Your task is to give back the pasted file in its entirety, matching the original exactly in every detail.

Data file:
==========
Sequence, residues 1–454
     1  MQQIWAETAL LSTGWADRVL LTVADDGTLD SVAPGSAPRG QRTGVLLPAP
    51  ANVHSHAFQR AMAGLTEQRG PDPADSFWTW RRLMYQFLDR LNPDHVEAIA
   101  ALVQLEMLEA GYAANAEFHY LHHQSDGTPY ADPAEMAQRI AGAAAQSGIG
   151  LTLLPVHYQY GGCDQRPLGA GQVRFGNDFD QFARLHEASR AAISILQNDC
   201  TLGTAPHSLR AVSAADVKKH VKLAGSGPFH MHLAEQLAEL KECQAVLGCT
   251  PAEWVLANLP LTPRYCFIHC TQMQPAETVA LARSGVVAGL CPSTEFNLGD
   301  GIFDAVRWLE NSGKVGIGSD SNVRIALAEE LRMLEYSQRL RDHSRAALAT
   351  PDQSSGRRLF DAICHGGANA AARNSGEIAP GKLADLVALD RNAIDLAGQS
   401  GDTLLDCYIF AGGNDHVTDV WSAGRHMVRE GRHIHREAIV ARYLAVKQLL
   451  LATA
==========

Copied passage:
Sequence, residues 1–454
     1  MQQIWAETAL LSTGWADRVL LTVADDGTLD SVAPGSAPRG QRTGVLLPAP
    51  ANVHSHAFQR AMAGLTEQRG PDPADSFWTW RRLMYQFLDR LNPDHVEAIA
   101  ALVQLEMLEA GYAANAEFHY LHHQSDGTPY ADPAEMAQRI AGAAAQSGIG
   151  LTLLPVHYQY GGCDQRPLGA GQVRFGNDFD QFARLHEASR AAISILQNDC
   201  TLGTAPHSLR AVSAADVKKH VKLAGSGPFH MHLAEQLAEL KECQAVLGCT
   251  PAEWVLANLP LTPRYCFIHC TQMQPAETVA LARSGVVAGL CPSTEFNLGD
   301  GIFDAVRWLE NSGKVGIGSD SNVRIALAEE LRMLEYSQRL RDHSRAALAT
   351  PDQSSGRRLF DAICHGGANA AARNSGEIAP GKLADLVALD RNAIDLAGQS
   401  GDTLLDCYIF AGGNDHVTDV WSAGRHMVRE GRHIHREAIV ARYLAVKQLL
   451  LATA